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India's DPDPA - a citizen friendly bill with an eye on future

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Few weeks ago I commented that the India-US collaboration is missing the key subject of Data Protection law. The Data Protection Bill was still in 'draft' stage then, and now that its been passed by the parliament, I got reading it. 

While my misgivings about Data privacy not being featured in India-US discussions as well as my reservations about the Bill excluding governments and regulators from its purview, continue; I must say that the the law itself has come out as a nicely drafted piece of legislation, and a departure from the legalese of other countries' laws such as EU's GDPR and CCPA/CCPR in California, United States.

Firstly, the language of the bill is quite lucid and easy to understand - for people like me who are not lawyers, the language was quite easy to understand and digest. Not just simple language, but the Act includes Illustrations within its text to clarify the meaning and intention of different clauses - which makes it far more relatable than any other privacy law. 

Second, probably the first law in India to use she/her for addressing an individual in a gender-neutral context. This is a hugely progressive move towards gender equality. 

Thirdly, the bill has innovated in the right places building on top of the UN adopted Privacy principles and existing template followed by GDPR, CCPA and other laws (ex POPI in South Africa and GDPL in Brazil). The 3 key innovations I noticed are:

  1. Blacklist instead of whitelist: Most laws take an approach of mistrust when it comes to sharing data outside their borders, which is quite antithetical to the globalized digital world for which these laws have been drafted. Digital data is more often moving across national borders than within. Even for countries like India who have a huge Data Centre industry within itself, data will often move outside its borders and then return back to its domestic data centre. Hence, the DPDPA's approach where it only requires data to NOT go to a defined blacklist is far more pragmatic and commensurate to a global digital ecosystem.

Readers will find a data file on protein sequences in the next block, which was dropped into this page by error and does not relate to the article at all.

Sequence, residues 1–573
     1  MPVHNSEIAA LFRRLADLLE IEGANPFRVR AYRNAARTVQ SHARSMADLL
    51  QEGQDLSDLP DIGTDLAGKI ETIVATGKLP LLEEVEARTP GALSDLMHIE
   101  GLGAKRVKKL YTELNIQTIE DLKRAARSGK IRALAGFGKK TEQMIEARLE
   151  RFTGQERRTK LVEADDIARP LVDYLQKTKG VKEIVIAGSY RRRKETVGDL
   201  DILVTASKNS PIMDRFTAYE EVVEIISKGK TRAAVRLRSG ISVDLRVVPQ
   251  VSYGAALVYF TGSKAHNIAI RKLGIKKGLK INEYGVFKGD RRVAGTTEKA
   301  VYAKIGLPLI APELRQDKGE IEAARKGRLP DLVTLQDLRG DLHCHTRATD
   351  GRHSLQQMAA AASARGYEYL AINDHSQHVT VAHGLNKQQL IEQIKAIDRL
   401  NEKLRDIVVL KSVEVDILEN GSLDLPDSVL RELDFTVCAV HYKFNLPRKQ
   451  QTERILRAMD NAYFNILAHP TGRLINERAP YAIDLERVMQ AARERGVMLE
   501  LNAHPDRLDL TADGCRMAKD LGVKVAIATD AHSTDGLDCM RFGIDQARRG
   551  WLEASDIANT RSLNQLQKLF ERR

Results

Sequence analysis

2. Mandating linguistic variety: As users, it has become common for us to just rush through the Privacy notices which websites throw at us, and click on "I Agree" without a second glance. There are many factors at play but one of them is our inability to read legalese in these notice texts, coupled with these notices not being in a language of choice for most people. India where people speak 300 dialects across (at least officially) 18 different languages, one of the reasons could be unavailability of the notice text in local language. Mandating that notice text be provided in all of India's 18 languages is another citizen friendly provision.
  3. Digital office: In an extremely pertinent but forward looking move, the Act clearly describes itself to be meant only for digital data and all its entities - the Data Protection Board and the Appellate Tribunal - to exist as "digital offices" which means, in words of the Act itself: an office that adopts an online mechanism wherein the proceedings, from receipt of intimation or complaint or reference or directions or appeal, as the case may be, to the disposal thereof, are conducted in online or digital mode. This is so heartwarming to read for a digital enthusiast like me. For the first time a law is recognizing the changed milieu which mankind operates in and seeks to take advantage of rather than fight it.